UK bioprocessing firm acquired by GE Healthcare
All 17 employees of Puridify – which is based at Stevenage Bioscience Catalyst – will join GE Healthcare’s life sciences business. The team will remain at their current location, which will serve as a small research hub for bioprocessing.
Improving bioprocessing to deliver new treatments
New possibilities are emerging to use next-generation biotherapeutics in the treatment of illnesses such as haemophilia, Parkinson’s and cancer.
However, the purification process for these therapeutics is extremely challenging because of their complex structures.
Puridify is developing a nanofiber-based platform purification technology for biopharmaceutical production called FibroSelect. This technology should improve productivity and cost-effectiveness of process development and small-scale manufacture in a wide range of biopharmaceutical applications.
The new deal with GE Healthcare will help further move Puridify’s technology towards commercialisation.
Grants to support research and development
Puridify has received significant research and development support from Innovate UK and the research councils over the years.
It received two grants totalling just under £3 million through the Industrial Biotechnology Catalyst, with funding coming from Innovate UK, the Engineering and Physical Sciences Research Council (EPSRC) and Biotechnology and Biological Sciences Research Council (BBSRC).
Working with University College London (UCL), this funding allowed Puridify to test and validate the technical feasibility of its technology for industrial applications.
In addition, the company has received 3 further grants from Innovate UK worth more than £611,000, with another in the pipeline to develop its FibroSelect platform for bespoke viral vector purifications.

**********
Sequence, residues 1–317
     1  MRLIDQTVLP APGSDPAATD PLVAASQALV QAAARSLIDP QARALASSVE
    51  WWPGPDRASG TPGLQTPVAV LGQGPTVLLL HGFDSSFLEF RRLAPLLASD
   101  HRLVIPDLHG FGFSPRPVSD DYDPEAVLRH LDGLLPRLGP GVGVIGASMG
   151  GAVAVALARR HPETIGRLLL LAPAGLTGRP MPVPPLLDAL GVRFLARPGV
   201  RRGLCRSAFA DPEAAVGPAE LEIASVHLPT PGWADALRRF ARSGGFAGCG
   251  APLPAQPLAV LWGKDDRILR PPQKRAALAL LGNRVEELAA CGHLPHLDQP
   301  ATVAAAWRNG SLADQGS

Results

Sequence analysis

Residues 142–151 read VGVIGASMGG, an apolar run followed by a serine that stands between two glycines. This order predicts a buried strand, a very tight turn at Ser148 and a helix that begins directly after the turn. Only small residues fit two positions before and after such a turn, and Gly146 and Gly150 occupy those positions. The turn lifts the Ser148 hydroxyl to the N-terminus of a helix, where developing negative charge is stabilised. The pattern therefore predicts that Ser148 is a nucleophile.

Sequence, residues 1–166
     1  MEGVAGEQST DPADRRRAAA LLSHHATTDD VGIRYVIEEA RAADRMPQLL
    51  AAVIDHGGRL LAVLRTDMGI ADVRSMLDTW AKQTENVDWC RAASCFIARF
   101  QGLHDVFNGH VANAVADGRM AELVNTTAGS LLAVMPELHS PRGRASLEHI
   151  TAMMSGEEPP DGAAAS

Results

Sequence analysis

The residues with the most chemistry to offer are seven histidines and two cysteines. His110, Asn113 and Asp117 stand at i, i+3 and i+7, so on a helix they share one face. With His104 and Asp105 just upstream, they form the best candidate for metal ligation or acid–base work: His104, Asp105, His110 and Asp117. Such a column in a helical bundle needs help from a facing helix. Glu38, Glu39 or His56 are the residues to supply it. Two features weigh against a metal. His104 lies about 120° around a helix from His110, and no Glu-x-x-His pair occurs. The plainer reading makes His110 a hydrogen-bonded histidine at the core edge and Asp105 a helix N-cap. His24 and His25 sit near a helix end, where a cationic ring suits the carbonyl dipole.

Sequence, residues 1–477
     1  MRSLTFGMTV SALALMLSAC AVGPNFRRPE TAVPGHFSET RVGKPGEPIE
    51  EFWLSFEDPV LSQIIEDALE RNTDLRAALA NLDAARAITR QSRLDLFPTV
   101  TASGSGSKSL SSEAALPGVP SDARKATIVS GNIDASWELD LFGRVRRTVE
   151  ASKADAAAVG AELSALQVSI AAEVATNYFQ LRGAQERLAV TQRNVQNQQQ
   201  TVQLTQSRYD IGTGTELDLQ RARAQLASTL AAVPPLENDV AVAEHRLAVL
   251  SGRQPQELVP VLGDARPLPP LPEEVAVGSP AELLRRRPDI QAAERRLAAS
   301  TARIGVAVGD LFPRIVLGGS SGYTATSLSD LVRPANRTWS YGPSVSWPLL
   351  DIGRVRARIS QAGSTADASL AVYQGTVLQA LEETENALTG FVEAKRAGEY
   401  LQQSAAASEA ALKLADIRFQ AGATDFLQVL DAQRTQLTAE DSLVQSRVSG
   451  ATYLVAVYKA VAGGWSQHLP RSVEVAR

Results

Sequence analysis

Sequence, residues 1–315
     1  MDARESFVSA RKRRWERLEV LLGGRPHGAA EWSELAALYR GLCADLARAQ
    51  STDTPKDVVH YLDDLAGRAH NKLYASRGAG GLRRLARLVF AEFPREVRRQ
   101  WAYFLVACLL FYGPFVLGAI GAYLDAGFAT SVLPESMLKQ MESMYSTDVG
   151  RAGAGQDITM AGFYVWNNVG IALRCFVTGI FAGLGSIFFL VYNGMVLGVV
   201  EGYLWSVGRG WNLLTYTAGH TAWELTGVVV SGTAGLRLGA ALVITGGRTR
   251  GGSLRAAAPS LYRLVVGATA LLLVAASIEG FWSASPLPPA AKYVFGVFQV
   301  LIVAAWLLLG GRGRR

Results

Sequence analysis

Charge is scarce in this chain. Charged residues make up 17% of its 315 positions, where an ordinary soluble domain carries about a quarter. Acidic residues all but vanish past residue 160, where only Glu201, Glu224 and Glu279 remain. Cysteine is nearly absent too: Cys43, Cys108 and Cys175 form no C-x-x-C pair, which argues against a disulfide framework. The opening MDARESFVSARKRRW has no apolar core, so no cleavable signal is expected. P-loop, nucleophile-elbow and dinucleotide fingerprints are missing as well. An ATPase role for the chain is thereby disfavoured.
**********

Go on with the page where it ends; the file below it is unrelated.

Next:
About the company
Puridify was officially formed in 2013 as a spin-out from UCL, by Oliver Hardwick, CEO and Iwan Roberts, COO.
The idea for the technology started with an EPSRC-funded engineering doctoral project in bioprocess engineering leadership, which was thought up by UCL’s Professor Dan Bracewell and Science and Technology Facilities Council’s (STFC) Professor Bob Stevens. From the outset it was intended that the technology would have industrial application, leading to an initial patent filing in 2012 to support the commercial opportunity.
Establishment of the company was conducted under a Royal Society of Edinburgh Enterprise Fellowship, supported by the STFC.
De-risking the investment proposition
Commenting on the support received, Dr Oliver Hardwick said:
"Business skills training during our bioprocess leadership EPSRC-supported EngD's at UCL gave us both confidence and contacts to consider commercialising our research.
"Innovate UK funding represented external technical validation of the underlying technology and demonstrated we had considered the commercial exploitables and route to market. This de-risked the investment proposition for our first venture capital round, whilst providing a framework for us to collaborate with our future customer base.
"The collaborative approach to innovation – bringing academic partners together with a venture capital backed SME, combined with end users – has facilitated a rapid transition from academia to industry.
"The output of this allowed us to demonstrate a strong case for inwards investment into Puridify, and its UK-based research, through acquisition, and to facilitate the commercialisation of the significant supporting infrastructure that’s needed for global supply a product for high-value manufacturing."
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